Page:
I think you’re idea of a hybrid farming system is a smart approach. Are there parts of Biodynamic farming that you feel are worth keeping, and if there are, how can you be sure of their efficacy?

    • biodynamicshoax says:

      1 Wine Dude,

      I know that there are no half-measures if you are to be certified Biodynamic by Demeter and that there is more Steiner that is included and mandated than ignored or excluded.

      I’ve noticed that several aspects of Steiner lectures are being ignored such as disease and insect control. For instance Steiner said that using his teas would eliminate mildew, but Biodynamic farmers are now allowed to use sulfur dust to control mildew. This sulfur dust is a byproduct of oil refining. I can’t think of anything more abhorrent to the principals of Biodynamic farming than using a chemical (sulfur) that comes from the petro-chemical industry. Steiner said that to control insects the farmer should catch the insects, burn them and then spread their ashes over the field and within four years they would all be gone. But Demeter allows the use of the pesticide “PyGanic.” The PyGanic label says “contains pryethrins – derived from chrysanthemums” and is such a nice little homeopathic whatever that after applying this stuff you can’t enter the vineyard for 12 hours without “…coveralls, chemical-resistant gloves and chemical-resistant headgear and a chemical-resistant apron when cleaning equipment, mixing or loading.” The label lists almost 200 insects it will kill – Pyrethrin is a neurotoxin that is also extremely toxic to aquatic life and honey bees. Also, don’t forget that this chemical pesticide was manufactured in a large modern industrial plant – just the type of modern chemical farming that Rudolf Steiner was against.

      I wouldn’t have a clue as to how many non-certified farmers use some parts of Biodynamics and ignore other parts.

      You and Sam Viticulteur (see above comment) ask mostly the same thing: Are there things, concepts, and practices in Biodynamics that have merit? The simple answer is yes. The more complete answer is that within the framework of Biodynamics there are many valuable practices and concepts that are valuable to the farmer; however, if you eliminate the concepts that are in common with other farmer methods and isolate those unique practices advocated by Steiner alone (and advanced by Demeter) then my answer is mostly no. Why have a modified version of Biodynamics when all of the good parts are already available in organic, sustainable or conventional. I suspect that in next 15 to 30 years the best practices from the various competing farming methods will coalesce into a new method. I don’t see much of Biodynamic farming making it into the next system.

      The concept of a closed farming system with everything being recycled and regenerative is very appealing, even seductive. There is even purity in its utopian ideology – unfortunately, it is an idea that is impractical in most modern farming situations. World peace is a great idea too, but it “ain’t gonna happen.” Farming today must be economically viable or the land will go into another use and be lost forever. I don’t believe that small multi-use farms can survive today. In Northern California, wine grapes are the only agricultural crop that can compete with housing. Can you imagine ten acres of land in the middle of Rutherford being used for sheep, pigs, goats, mixed orchards, a couple acres of vegetables and another couple of acres for vineyards and maybe the same amount for hay? Who wouldn’t want to have that little slice of history, but that’s all it is – history!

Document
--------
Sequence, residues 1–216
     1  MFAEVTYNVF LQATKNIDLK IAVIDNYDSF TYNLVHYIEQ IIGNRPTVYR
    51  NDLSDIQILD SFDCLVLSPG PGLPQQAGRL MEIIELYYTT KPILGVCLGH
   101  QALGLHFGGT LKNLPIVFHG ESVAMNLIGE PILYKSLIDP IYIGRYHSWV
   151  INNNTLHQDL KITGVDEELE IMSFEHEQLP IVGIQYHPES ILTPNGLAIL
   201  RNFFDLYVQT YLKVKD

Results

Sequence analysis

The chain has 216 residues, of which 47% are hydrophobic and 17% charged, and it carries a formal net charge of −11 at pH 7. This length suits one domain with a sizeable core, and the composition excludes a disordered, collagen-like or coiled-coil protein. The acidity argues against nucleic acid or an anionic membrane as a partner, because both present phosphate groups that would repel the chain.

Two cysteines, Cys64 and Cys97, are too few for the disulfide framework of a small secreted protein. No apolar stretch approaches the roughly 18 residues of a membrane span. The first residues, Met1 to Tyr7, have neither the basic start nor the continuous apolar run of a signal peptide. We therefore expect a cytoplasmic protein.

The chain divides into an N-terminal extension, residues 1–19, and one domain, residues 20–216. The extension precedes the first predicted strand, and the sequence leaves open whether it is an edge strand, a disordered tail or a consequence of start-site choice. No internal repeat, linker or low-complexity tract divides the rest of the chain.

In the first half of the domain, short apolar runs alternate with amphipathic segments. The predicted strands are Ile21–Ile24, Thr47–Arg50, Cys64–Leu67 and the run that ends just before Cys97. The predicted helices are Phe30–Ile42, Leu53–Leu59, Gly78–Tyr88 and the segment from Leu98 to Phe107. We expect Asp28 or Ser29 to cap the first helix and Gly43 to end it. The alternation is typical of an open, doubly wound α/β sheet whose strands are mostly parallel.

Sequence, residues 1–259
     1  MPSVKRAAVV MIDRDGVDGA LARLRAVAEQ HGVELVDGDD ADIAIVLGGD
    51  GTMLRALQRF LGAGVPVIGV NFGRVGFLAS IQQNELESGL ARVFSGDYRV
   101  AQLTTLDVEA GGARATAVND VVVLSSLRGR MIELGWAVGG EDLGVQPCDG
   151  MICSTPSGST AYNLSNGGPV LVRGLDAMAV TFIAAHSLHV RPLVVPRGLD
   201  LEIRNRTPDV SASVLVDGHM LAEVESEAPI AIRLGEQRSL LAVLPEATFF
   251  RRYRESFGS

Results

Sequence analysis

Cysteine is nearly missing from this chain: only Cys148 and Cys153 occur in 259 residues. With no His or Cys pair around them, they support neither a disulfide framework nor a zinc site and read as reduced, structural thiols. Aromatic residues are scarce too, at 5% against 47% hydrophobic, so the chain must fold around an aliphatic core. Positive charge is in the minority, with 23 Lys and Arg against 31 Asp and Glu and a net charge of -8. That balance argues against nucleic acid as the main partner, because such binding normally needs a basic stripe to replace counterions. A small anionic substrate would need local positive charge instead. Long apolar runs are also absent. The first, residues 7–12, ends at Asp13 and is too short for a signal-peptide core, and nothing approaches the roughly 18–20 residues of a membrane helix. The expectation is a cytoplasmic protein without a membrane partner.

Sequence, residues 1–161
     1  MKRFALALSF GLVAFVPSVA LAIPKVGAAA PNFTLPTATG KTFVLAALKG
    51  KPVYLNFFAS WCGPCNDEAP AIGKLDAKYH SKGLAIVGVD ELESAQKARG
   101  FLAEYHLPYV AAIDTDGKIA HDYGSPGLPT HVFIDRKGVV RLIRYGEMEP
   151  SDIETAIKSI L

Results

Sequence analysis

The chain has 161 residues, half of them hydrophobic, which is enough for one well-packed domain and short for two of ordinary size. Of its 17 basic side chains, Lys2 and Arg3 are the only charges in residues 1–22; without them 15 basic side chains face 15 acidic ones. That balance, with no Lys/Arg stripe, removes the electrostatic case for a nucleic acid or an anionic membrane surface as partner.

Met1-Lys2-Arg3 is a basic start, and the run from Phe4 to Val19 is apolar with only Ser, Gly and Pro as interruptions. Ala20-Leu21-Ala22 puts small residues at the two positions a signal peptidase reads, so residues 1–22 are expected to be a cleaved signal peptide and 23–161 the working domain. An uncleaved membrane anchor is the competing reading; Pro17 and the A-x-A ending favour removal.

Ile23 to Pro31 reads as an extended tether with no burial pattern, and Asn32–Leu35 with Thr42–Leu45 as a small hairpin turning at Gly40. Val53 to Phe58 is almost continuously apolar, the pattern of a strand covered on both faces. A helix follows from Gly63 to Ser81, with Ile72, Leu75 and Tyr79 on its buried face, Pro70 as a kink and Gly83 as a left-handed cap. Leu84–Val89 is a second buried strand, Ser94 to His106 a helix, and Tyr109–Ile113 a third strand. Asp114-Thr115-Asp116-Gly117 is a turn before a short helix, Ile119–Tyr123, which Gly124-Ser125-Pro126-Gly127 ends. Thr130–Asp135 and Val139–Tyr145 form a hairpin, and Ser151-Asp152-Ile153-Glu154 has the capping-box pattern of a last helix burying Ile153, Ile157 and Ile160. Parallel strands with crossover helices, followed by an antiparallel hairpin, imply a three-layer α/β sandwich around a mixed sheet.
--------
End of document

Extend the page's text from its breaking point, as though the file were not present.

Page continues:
• Sam viticulteur says:

      Maybe I’m off base here, but it seems BD could be successful in California more easily than most places in the US because the climate is rather predictable and summers are dry. The downside of Cali would be land values which would make diversified farming more difficult to justify- at least in the present commodity volume based structure.
      But imagine that the real estate market gets even worse, world demand for California wines cools down further, free global trade halts as countries turn isolationist. In short, capitalism can no longer sustainably
      function and Napa valley’s grape monoculture becomes therefore an impractical vestage of the failed system. Who then would be in a better situation, the small diversified farm (with vegetables, fruits, chickens pigs etc) or the 100 acre vineyard?
      Stu, doubting the merit of the diversified farm shows your strong faith in the system, which explains why you are so adamantly against Biodynamics.
      I beleive that farm diversification is in a sense a type of specialization. That is, it is a focused concept tailored to each unique farm (soils,climate,farmer temperment etc.) and the local/regional market which small farms serve directly. This is an immensely more secure way to structure a farm because it is far more adaptable and resilient in the face of poor economic conditions or turmoil. Small diversified farms are growing in number and are in fact thriving once they get the farm functioning properly, which takes a large investement of time and money.

      Whether or not a diversified farm uses BD practices or not is largely irrelevent to the discussion of economic viability. If it works, it works. If it does not, it does not. In short I disagree that monoculture is somehow the only way to go forward because it so rides on the global economic wave which, obviously, fluctuates wildly and unpredictably as we go through time.